The Universal Gap.

Ed Yong reports for The Atlantic on an interesting finding of research on conversation:

When we talk we take turns, where the “right” to speak flips back and forth between partners. This conversational pitter-patter is so familiar and seemingly unremarkable that we rarely remark on it. But consider the timing: On average, each turn lasts for around 2 seconds, and the typical gap between them is just 200 milliseconds—barely enough time to utter a syllable. That figure is nigh-universal. It exists across cultures, with only slight variations. It’s even there in sign-language conversations.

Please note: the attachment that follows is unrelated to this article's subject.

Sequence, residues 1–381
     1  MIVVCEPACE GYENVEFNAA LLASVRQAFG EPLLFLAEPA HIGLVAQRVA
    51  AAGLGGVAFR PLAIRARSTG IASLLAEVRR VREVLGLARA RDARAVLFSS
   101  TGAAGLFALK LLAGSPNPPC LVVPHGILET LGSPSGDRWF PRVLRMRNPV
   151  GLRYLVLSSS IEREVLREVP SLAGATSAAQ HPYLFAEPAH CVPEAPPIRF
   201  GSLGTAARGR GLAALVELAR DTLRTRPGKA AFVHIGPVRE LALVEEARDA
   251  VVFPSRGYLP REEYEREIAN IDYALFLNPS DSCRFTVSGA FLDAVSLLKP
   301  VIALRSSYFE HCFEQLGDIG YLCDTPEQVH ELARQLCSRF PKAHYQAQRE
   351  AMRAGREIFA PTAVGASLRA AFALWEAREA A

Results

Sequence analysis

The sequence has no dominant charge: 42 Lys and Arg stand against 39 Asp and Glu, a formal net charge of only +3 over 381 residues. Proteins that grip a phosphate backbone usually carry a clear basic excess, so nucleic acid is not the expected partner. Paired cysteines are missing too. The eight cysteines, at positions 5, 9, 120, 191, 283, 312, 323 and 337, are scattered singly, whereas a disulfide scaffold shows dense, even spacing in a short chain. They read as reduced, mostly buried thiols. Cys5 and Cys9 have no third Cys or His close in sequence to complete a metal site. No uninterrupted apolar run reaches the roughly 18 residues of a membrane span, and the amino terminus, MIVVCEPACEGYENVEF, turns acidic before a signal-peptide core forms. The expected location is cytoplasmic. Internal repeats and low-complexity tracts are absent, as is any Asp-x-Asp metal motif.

“It’s the minimum human response time to anything,“ says Stephen Levinson from the Max Planck Institute for Psycholinguistics. It’s the time that runners take to respond to a starting pistol—and that’s just a simple signal. If you gave them a two-way choice—say, run on green but stay on red—they’d take longer to pick the right response. Conversations have a far greater number of possible responses, which ought to saddle us with lengthy gaps between turns. Those don’t exist because we build our responses during our partner’s turn. We listen to their words while simultaneously crafting our own, so that when our opportunity comes, we seize it as quickly as it’s physically possible to.

“When you take into account the complexity of what’s going into these short turns, you start to realize that this is an elite behavior,” says Levinson. “Dolphins can swim amazingly fast, and eagles can fly as high as a jet, but this is our trick.” […]